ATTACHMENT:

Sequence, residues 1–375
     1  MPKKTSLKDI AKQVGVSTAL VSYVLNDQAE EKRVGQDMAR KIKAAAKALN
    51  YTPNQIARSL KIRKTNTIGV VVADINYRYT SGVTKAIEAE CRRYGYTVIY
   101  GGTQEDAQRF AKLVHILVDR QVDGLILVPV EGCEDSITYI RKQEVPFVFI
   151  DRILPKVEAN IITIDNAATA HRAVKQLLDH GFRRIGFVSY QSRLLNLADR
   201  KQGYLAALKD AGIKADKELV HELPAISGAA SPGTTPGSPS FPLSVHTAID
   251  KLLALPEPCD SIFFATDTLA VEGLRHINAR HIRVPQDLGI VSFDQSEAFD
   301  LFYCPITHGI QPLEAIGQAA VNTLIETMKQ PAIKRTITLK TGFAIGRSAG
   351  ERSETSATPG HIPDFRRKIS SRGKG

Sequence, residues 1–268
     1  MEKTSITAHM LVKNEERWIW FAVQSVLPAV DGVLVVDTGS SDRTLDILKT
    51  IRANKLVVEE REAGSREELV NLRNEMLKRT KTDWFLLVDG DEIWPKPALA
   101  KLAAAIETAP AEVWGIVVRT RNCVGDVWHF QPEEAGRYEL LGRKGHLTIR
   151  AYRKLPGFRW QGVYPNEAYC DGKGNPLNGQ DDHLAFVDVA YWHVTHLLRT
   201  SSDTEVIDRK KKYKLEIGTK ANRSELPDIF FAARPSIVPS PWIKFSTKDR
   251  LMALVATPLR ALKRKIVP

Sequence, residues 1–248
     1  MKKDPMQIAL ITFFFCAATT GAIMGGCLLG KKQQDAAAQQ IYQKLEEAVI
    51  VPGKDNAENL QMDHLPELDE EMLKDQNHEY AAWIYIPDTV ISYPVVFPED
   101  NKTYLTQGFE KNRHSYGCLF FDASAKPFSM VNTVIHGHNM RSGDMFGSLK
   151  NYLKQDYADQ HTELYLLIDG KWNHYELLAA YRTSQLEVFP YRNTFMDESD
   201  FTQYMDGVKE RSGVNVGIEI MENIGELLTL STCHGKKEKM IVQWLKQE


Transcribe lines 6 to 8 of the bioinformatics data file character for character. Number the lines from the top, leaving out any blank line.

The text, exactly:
   201  KQGYLAALKD AGIKADKELV HELPAISGAA SPGTTPGSPS FPLSVHTAID
   251  KLLALPEPCD SIFFATDTLA VEGLRHINAR HIRVPQDLGI VSFDQSEAFD
   301  LFYCPITHGI QPLEAIGQAA VNTLIETMKQ PAIKRTITLK TGFAIGRSAG